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Tuesday, 28 May, 2002, 16:57 GMT 17:57 UK
Stephen Byers resignation: TV and Radio reports
Stephen Byers announcing his resignation
Transport Secretary Stephen Byers resigns from the government after months of sustained criticism, mainly over allegations that he deceived parliament.

BBC News Online looks at his resignation and the background to it.


Darling takes transport job
Alastair Darling arrives to start his new job at the Department of Transport
Alistair Darling succeeds Stephen Byers as transport secretary

Alistair Darling has replaced Stephen Byers as transport secretary following a minor cabinet reshuffle, held in the wake of Mr Byers' resignation. Mr Darling will only take over the transport side of Mr Byers' portfolio, while the regional aspects of the job will be given to Deputy Prime Minister John Prescott.



Resignation statement
Stephen Byers
Stephen Byers said he was not a liar

In his resignation statement, Stephen Byers admitted making mistakes but denied the often repeated opposition allegations that he was a liar who had misled parliament. He said he was resigning because the government he supported was being damaged as a result of his continuing presence in the cabinet.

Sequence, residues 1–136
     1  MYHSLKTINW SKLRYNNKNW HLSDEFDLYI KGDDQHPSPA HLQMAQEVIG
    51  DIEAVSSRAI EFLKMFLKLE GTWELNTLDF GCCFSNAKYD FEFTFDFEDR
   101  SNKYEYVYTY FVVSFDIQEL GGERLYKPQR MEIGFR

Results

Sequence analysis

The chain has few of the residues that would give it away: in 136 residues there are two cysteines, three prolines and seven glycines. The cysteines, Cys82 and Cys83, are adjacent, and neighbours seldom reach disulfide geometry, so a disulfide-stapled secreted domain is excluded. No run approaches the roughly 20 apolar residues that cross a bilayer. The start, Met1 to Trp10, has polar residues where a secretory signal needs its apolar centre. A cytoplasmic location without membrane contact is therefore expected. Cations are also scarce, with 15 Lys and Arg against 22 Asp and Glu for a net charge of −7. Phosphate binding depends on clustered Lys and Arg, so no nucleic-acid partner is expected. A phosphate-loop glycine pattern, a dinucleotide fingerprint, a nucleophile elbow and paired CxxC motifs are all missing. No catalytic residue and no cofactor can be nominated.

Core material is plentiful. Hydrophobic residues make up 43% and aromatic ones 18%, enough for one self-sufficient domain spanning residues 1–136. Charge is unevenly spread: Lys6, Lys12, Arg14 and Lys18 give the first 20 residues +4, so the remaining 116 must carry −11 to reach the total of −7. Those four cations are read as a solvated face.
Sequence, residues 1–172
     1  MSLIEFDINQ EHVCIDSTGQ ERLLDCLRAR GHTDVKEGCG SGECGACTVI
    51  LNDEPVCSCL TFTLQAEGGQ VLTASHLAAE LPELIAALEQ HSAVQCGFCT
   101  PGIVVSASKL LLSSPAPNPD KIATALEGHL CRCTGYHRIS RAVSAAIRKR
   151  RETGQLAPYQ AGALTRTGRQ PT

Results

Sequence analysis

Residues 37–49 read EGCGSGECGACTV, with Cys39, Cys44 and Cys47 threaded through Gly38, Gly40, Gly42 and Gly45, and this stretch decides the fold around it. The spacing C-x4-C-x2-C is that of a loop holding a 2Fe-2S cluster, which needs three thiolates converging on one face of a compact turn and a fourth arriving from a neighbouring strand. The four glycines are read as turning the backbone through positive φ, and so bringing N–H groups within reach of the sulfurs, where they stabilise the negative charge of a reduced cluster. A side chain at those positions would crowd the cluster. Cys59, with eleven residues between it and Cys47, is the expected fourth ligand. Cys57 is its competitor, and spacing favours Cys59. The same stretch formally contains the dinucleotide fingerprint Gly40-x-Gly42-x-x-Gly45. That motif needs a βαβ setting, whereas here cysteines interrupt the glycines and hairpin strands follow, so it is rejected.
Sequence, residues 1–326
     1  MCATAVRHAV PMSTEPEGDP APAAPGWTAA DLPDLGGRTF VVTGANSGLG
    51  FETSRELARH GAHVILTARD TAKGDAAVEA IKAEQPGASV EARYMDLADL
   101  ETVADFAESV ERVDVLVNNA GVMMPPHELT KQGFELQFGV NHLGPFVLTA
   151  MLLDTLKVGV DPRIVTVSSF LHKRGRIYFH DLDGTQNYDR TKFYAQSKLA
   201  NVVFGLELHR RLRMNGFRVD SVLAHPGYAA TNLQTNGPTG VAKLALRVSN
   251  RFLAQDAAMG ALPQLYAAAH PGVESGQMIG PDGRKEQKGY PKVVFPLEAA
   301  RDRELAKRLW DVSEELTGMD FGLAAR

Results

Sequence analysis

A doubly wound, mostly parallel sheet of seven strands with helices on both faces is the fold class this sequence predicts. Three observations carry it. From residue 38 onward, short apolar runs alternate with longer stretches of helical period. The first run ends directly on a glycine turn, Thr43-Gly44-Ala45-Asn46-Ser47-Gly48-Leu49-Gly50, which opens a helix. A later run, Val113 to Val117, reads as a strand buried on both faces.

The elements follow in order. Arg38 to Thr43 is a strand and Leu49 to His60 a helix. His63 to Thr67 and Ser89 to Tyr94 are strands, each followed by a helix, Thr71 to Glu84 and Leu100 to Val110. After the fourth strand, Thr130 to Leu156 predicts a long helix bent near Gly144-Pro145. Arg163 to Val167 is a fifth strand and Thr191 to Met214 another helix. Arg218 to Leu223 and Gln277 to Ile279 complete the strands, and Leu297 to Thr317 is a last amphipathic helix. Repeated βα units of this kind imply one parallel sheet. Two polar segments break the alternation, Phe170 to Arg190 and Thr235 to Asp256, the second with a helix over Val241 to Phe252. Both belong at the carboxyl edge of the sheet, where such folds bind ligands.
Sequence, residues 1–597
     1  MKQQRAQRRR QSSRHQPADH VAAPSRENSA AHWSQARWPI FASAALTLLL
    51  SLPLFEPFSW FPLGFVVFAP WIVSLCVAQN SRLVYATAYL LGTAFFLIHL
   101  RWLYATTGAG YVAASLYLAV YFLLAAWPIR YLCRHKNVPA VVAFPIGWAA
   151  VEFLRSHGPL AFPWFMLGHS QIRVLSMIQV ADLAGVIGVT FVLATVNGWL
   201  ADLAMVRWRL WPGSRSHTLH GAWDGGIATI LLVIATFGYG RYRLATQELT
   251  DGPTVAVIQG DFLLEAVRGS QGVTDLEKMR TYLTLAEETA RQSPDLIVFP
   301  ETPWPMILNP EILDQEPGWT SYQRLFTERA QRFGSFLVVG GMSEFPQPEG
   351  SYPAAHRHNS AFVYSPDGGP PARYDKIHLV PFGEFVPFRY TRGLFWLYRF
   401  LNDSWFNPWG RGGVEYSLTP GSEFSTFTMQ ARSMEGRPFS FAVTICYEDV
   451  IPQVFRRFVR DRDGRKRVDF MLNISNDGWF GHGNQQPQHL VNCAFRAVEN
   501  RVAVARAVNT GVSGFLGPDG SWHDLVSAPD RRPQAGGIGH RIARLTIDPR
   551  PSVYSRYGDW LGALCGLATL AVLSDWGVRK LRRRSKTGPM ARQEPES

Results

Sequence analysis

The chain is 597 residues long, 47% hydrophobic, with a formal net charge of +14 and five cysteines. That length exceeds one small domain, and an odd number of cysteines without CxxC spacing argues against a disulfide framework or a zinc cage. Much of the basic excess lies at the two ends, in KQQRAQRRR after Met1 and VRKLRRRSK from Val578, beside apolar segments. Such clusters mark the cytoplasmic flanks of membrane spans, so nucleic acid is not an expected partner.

The Sixsmith affair
Martin Sixsmith
Martin Sixsmith repeatedly contradicted Stephen Byers' version of events

Stephen Byers faced the greatest political pressure over allegations that he misled MPs over the departure of press advisers Jo Moore and Martin Sixsmith. On 26 February and again on 9 May he was obliged to come before MPs in the House of Commons with his account of a chain of events leading back to 11 September and Jo Moore's notorious e-mail saying it was a good day to bury bad news.




Winding up Railtrack
 Selby train crash
A series of fatal train crashes occurred in the period before Railtrack was put into administration

Stephen Byers' decision to put Railtrack into administration attracted immediate criticism from the Conservative opposition. But it was, again, allegations that Mr Byers had misled parliament which proved the most damaging. On 13 November 2001 he came to the House of Commons to defend his role.




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